Melting ice with salt and then adding liquid watercolors is a simple kids’ science experiment that we’ve done before. But sometimes you have to try something more than once to really get it right.
The last time we did our melting ice science experiment, it was so much of a salt and watercolor free-for-all that we couldn’t see what was happening to the ice under all the salt.
This time we got it right. And I have to say, it truly is a beautiful and fun learning experience.
Melting Ice Science Experiment
- Bowls or dishes (for making the ice)
- A large tray with sides
- Liquid watercolors or food coloring
- Droppers or a spoon
Step #1) Make The Ice
For fun, and for experiment’s sake, I filled many different sizes of bowls with water and left them to freeze overnight.
I recommend this! Not so much for quantity, but I’d suggest trying at least two or three different sizes. Make at least one of them shallow. The Tupperware container you can barely see in the back of the photo above was great for this.
Step #2) Set Up Your Melting Station
The next morning I loosened the ice from the bowls with a little warm water and set them in a big plastic finger paint tray with a raised edge.
I remembered how much the ice melted last time— that’s the point, right?! —and I didn’t want a salty, painty mess all over my table. A baking tray with sides would also work. I also set our tray over an old towel for extra protection.
Step #3) Add Salt
Maia’s friend Stella was over for the morning and the three girls were very excited about the melting ice science experiment! I gave them each a bowl of table salt (inexpensive Morton’s salt) and they sprinkled it over the tops of the ice domes.
Two notes ::
- Rock salt, or another coarse salt, would be good to try as well, but we didn’t have any. (I did have some sea salt in the kitchen, but felt it was too expensive to use like this.)
- Also, I purposely gave them each a modest amount to sprinkle. I didn’t want a repeat of the salt dumping excuse for a science experiment we had last time.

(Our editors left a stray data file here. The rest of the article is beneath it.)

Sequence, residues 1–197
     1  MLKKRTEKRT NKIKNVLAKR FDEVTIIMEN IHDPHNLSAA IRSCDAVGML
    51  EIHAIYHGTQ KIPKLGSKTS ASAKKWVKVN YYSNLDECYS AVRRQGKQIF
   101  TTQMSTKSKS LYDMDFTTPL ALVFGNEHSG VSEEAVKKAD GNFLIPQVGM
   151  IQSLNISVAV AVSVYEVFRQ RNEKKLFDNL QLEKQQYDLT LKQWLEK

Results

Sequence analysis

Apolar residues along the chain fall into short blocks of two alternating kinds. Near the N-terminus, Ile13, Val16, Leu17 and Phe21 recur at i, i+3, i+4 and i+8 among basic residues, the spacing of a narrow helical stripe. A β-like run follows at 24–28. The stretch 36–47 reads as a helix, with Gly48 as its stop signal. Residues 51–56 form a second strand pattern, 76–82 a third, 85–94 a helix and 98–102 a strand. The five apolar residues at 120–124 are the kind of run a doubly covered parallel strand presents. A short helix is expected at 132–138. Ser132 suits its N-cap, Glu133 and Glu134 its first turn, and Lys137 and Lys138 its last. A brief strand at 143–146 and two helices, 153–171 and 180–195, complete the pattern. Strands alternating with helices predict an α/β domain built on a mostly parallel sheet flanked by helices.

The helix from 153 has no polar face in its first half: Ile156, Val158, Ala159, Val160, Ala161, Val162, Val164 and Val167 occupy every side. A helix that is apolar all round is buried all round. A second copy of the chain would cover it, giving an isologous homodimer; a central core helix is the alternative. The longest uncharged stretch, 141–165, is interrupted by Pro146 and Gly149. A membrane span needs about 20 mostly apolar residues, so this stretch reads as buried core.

They got excited when they first noticed the little ravines where the salt was melting the side of the ice!
Time To Add Color To The Melted Ice
Once we could tell that the salt was melting the ice, I got out the liquid watercolors. I squeezed a little bit of a few different colors (yellow, pink, purple, turquoise) into jelly jars and added a dropper to each.
Note: You can also use food coloring for this project. The color selection may be more limited, but it works just as well.
The girls squeezed the watercolors onto the ice.
Daphne had just as much fun with it as the older kids did, but it took her a few tries before she figured out the droppers, such as when to squeeze and when to release.
The color is beautiful on its own, but the real reason for adding the liquid watercolors is to highlight the ravines, crevasses, and tunnels that are forming in the ice as the salt melts it.
We talked about how the salt melts the ice, both before and during the science experiment. Since it was a hot summer day, we agreed that the ice would melt anyway.
Then we talked about how salt makes ice melt differently, and that it will melt ice at much cooler temperatures. So, wherever the salt touched the ice it would melt faster than the rest of the ice.
The pooling swirls of liquid watercolors in melted ice water were beautiful, too!
In fact, we had A LOT of melted ice water, so the girls took turns with a turkey baster to suction the water out.
You don’t have to take the water out, but I thought it would be easier to see all the exciting tunnel action if the ice wasn’t swimming in a lake. Also, our handy dandy plastic tray was cracked along the lip and I didn’t want the water to reach that level.
Plus the kids thought that using the turkey baster was as much fun as the rest of the project.
Even Daphne had to take her turns with it!
We took a few of our ice pieces out on the porch to look at them in the sunlight. The watercolors really helped to highlight where the ice was melting!
Look! A colored ice suncatcher!
We oohed and ahhed for a while. They were that beautiful.
From the bottom of the shallower ice pieces, we could see a whole bunch of tiny bubbles of color where the mixed salt and watercolors pooled as they slowly ate away and melted the ice. We thought that was SO cool!!
After our break to admire the ice in the sunlight, we brought them back in and turned each over.
We wanted to see what it would be like if we melted tunnels and ravines through both sides of the ice.
So we added more salt (yes, there was some salt dumping action this time—mostly on Daphne’s part), and let it melt awhile. Then we added liquid watercolors.
Note: Some of the salt (especially where it was dumped) had hardened into a solid mass. We chipped those away before adding the liquid watercolors because we really wanted to be able to see the ice tunnels.
Just for variety’s sake, we brought out different colors of the liquid watercolors: red, blue, and gold (the metallic gold paint was pretty amazing!).
I LOVED seeing how into this melting ice science experiment the girls were!
And the results were beautiful and interesting! You can see that the salt ate away at both sides of this ice piece so that there are holes through the middle.
We took all the ice outside and admired them in the front yard as they continued to melt.
This melting ice science experiment is one worth doing (and repeating).
I hope you try it! And if you’ve tried it before, give it another go!
Want more science? Here’s my current collection of fave artful kids science experiments.
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